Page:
response.addHeader("Content-type", "application/json");
	            // Set the response as the JSON STRING
	            responseWriter.write(responseJson.toString());
	        }
	        catch (AbapException ae)
	        {
	            //TODO Handle Exception.
	        }
	        catch (JCoException e)
	        {
	            // TODO Handle Exception
	        } catch (JSONException e) {
	        	// TODO handle expetion
				e.printStackTrace();
			}
	}

	/**
	 * @see HttpServlet#doPost(HttpServletRequest request, HttpServletResponse response)
	 */
	protected void doPost(HttpServletRequest request, HttpServletResponse response) throws ServletException, IOException {
		// TODO Auto-generated method stub
		doGet(request, response);
	}

}

Deploy the Application

To deploy your Web application locally or on the cloud, see the following two procedures, respectively:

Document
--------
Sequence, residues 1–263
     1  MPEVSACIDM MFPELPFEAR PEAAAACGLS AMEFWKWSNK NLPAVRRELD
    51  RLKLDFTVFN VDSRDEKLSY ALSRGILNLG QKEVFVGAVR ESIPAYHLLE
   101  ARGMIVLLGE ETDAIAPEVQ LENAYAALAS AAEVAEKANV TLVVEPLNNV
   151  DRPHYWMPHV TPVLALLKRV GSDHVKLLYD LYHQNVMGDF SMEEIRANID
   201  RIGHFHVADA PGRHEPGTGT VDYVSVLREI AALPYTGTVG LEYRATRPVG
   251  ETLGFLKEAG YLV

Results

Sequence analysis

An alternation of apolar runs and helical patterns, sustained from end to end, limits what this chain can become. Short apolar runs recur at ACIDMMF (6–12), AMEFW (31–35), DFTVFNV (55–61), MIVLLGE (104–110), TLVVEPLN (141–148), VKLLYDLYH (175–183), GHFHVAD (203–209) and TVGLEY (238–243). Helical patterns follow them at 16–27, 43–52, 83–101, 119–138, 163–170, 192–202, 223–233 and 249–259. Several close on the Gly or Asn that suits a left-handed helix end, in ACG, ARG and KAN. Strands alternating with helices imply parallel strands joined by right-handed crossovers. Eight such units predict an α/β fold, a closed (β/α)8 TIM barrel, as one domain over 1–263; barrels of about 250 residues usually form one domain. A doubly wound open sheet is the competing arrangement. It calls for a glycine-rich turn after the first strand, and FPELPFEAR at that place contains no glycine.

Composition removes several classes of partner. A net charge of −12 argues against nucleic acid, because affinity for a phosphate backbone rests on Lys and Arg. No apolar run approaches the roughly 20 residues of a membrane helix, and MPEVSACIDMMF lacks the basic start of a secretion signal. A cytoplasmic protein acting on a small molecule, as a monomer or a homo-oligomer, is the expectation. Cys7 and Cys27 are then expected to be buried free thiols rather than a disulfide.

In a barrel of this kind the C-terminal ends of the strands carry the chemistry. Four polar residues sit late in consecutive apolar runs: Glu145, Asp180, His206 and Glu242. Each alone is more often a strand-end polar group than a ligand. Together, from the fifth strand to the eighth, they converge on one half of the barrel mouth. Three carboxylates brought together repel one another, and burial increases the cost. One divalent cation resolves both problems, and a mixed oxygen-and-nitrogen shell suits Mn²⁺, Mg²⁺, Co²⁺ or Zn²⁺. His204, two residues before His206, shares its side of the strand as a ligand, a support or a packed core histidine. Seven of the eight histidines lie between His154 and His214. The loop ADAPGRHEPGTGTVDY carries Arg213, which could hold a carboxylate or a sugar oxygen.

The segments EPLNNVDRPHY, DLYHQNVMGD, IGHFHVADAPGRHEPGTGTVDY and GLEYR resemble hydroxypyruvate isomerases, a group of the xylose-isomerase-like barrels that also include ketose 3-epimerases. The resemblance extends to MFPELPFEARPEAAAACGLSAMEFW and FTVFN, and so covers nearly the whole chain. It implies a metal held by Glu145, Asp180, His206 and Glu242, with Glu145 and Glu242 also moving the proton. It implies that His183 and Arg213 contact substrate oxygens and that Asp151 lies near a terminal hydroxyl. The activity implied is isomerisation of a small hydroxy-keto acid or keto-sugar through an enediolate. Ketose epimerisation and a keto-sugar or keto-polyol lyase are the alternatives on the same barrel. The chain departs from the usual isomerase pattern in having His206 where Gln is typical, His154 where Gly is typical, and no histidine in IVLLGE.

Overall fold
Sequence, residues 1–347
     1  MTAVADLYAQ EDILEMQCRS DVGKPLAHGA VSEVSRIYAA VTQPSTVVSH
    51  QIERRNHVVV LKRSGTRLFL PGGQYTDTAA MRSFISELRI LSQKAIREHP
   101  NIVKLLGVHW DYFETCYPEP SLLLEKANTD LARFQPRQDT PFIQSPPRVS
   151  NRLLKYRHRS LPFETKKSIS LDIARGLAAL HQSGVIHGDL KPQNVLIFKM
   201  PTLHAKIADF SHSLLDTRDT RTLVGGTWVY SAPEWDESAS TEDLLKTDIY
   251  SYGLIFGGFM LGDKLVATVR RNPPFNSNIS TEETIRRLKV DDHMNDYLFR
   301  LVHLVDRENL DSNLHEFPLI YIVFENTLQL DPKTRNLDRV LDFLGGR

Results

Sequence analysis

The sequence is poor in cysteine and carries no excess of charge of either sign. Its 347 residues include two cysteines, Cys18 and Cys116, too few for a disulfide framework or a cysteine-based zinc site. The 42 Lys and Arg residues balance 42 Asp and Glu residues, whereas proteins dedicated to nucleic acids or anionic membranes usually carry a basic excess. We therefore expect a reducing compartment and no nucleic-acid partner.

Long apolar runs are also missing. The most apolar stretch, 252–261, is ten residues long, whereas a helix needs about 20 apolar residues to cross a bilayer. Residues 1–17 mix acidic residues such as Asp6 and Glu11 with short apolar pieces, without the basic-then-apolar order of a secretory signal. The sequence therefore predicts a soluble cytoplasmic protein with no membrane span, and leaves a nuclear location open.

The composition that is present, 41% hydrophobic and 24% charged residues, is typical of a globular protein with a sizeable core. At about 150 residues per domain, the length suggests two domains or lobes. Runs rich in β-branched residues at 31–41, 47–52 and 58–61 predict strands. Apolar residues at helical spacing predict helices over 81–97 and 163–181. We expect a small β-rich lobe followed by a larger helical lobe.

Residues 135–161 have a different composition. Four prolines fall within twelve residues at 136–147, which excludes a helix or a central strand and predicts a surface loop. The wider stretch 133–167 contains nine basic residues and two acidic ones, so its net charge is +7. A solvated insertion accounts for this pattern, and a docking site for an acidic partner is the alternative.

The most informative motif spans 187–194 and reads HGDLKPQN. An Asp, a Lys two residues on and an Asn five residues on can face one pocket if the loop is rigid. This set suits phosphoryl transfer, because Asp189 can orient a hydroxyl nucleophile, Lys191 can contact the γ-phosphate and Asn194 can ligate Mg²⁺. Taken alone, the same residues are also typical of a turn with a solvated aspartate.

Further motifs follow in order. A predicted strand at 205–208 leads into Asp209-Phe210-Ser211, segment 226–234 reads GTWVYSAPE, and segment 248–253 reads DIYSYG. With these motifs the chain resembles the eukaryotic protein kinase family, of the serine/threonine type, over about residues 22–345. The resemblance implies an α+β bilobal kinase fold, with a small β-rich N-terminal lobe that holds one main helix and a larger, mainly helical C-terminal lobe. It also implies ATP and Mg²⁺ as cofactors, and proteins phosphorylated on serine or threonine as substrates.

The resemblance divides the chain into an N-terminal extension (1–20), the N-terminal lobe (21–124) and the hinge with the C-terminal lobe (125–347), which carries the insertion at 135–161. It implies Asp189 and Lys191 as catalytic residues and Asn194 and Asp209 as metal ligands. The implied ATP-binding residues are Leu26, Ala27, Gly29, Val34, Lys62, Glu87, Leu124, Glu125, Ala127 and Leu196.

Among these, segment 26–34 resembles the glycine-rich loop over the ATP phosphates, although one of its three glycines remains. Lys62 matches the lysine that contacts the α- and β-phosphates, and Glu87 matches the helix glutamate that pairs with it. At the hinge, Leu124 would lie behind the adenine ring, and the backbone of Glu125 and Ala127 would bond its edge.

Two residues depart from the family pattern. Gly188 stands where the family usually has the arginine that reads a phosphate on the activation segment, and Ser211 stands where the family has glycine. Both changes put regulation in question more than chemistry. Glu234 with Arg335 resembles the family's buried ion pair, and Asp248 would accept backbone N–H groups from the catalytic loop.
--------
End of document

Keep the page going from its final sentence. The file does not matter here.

Deploying Locally from Eclipse IDE

Deploying on the Cloud from Eclipse IDE

Once the application is deployed you can execute the same in a browser or any http client to check if the service is executed successfully. As you can see from the below image, we get the response with the parameters resptext and echotext in JSON format.

You can monitor the state and logs of your Web application deployed on SAP Cloud Platform. For more information, see Using Logs in the Eclipse IDE

 

Consume the Deployed Service in SAP Cloud Platform Workflow Service

Once you have the RFC exposed as a service, we can easily consume it in the SAP CP Workflow’s service task.

1. Create a SAP CP HTTP Destination for connecting to your Java service.